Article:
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Yellow Fever Vaccine FAQ (Frequently Asked Questions)

1. How do I know whether I need yellow fever vaccine for my trip? 

 

Your AITC clinician will tell you during your Travel Health Visit. You can also use the CDC Yellow Fever Requirements table to check for yourself.

 

2. What does it mean when the CDC says that yellow fever vaccine is Recommended or Required? 

  

  • Yellow fever vaccine is Recommended by the CDC when you are traveling to a place where you have yellow fever risk (meaning: you could become infected with yellow fever virus in that area).  The "recommendation" is for the purpose of protecting your health.  Currently, yellow fever only occurs in sub-Saharan Africa, eastern Panama, and tropical areas of South America, and so you only have yellow fever risk when visiting these places.

 

  • Yellow fever vaccine is Required when a foreign government requires proof of vaccination for travelers entering their country. The "requirement" is for the purpose of protecting countries from the risk of importing or spreading yellow fever. The fact that a country has no mandatory requirement for vaccination does not imply that there is no risk of yellow fever transmission. Many countries require proof of vaccination for travelers coming from or transiting through countries that have yellow fever risk. Please note that government yellow fever requirements are subject to change at any time. You are advised to check with the appropriate embassy or consulate.

 

3. Am I medically eligible for yellow fever vaccine? 

 

Most people are medically eligible for yellow fever vaccine. The following persons are not medically eligible:

 

  • Persons less than age 9 months
  • Pregnant females
  • Persons allergic to eggs, chicken, chicken or egg products, or feathers
  • Persons with immune system suppression. This includes persons who currently have HIV with low CD4, AIDS or another disease that reduces immune system function, persons who have had blood cancer (leukemia, lymphoma), persons receiving cancer chemotherapy or radiation, persons taking drugs to suppress the immune system (including those who regularly take steroids or prednisone), and persons who have thymus disease or have had their thymus removed.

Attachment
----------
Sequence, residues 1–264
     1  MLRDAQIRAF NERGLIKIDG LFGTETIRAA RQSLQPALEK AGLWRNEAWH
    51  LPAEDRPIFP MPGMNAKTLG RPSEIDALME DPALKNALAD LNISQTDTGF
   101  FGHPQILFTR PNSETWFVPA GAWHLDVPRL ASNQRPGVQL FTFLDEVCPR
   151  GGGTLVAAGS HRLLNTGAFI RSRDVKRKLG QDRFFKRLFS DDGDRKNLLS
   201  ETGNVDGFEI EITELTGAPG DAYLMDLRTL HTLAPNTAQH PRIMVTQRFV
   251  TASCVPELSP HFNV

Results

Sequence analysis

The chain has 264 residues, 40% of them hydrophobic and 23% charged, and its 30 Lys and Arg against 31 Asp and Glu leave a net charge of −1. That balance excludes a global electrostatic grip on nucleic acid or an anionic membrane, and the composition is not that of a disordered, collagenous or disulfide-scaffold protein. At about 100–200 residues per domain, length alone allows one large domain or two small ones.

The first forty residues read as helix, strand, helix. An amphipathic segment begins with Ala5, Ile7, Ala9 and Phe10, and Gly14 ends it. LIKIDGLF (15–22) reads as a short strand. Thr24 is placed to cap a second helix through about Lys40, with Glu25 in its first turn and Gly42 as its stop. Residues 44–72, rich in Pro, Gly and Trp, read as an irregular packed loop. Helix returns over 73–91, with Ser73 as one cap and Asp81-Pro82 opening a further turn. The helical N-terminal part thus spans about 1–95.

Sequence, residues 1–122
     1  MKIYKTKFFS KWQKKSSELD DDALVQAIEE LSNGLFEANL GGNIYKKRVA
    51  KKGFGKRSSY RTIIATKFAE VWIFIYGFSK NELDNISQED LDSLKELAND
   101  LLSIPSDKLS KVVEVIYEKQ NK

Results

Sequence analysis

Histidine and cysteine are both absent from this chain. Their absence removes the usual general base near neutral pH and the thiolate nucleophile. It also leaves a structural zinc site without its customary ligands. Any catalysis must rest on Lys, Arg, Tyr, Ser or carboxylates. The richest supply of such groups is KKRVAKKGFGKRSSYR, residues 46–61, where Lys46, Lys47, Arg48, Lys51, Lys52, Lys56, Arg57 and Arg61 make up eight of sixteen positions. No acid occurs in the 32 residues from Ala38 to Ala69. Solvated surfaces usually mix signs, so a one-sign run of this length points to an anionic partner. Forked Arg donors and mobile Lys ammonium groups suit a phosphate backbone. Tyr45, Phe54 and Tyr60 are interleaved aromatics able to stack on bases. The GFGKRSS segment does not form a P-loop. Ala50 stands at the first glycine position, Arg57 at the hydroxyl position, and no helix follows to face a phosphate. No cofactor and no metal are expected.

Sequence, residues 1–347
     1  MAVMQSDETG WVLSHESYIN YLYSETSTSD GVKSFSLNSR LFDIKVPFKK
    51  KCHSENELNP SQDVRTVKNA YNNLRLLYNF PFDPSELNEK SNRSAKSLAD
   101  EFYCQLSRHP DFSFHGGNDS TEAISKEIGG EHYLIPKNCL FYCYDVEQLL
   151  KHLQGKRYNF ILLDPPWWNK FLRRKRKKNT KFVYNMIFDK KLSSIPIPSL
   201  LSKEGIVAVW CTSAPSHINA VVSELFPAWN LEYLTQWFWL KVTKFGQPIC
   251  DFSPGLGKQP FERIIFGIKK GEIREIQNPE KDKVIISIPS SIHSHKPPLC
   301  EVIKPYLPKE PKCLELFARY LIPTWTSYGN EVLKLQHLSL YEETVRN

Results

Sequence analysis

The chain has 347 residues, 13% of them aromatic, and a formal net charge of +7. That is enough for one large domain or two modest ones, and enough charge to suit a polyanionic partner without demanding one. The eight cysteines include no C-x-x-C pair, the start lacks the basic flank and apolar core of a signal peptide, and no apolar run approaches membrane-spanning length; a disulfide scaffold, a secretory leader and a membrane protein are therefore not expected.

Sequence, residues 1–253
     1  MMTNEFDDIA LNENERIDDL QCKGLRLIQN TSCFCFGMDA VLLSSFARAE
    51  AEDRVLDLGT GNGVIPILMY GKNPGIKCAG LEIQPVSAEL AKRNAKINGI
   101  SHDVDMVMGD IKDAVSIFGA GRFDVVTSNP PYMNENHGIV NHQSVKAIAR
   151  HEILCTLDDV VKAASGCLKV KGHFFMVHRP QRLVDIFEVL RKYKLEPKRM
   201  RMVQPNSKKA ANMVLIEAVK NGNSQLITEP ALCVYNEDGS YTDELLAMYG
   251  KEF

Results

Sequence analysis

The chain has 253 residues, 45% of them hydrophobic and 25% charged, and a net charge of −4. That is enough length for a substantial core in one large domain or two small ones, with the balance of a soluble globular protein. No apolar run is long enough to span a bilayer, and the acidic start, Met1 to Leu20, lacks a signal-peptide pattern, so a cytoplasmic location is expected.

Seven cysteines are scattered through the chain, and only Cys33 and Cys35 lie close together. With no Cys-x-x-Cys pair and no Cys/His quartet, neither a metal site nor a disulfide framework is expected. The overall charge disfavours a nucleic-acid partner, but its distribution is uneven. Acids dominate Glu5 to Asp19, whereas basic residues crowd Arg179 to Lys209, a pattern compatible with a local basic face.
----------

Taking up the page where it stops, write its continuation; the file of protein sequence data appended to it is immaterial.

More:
4. Is there a problem with people age 60 and up getting yellow fever vaccine?

 

The likelihood of certain serious side effects is higher in adults >60 years. Even though the risks from the vaccine are quite low, we always want to consider whether or not they are outweighed by the risk of getting the disease.  Please read the CDC Vaccine Information Statement on yellow fever vaccine.

 

5. What if I am not medically eligible for yellow fever vaccine, but the country has a yellow fever vaccine requirement?

 

If you are not medically eligible, but must travel to an area that requires proof of yellow fever vaccination, we can prepare a letter of Medical Waiver. Most countries will accept a medical waiver from a Certified Yellow Fever Vaccine Provider such as AITC, for persons with a medical reason for not receiving the vaccination. You are advised to check with the appropriate embassy or consulate prior to departure.

 

6. What is yellow fever?

 

Yellow fever is a viral disease that has caused large epidemics in Africa and the Americas. Its effects range from mild symptoms to severe illness and death. The "yellow" in the name is explained by the jaundice that affects some patients. Although an effective vaccine has been available for 60 years, yellow fever is still a serious public health threat.

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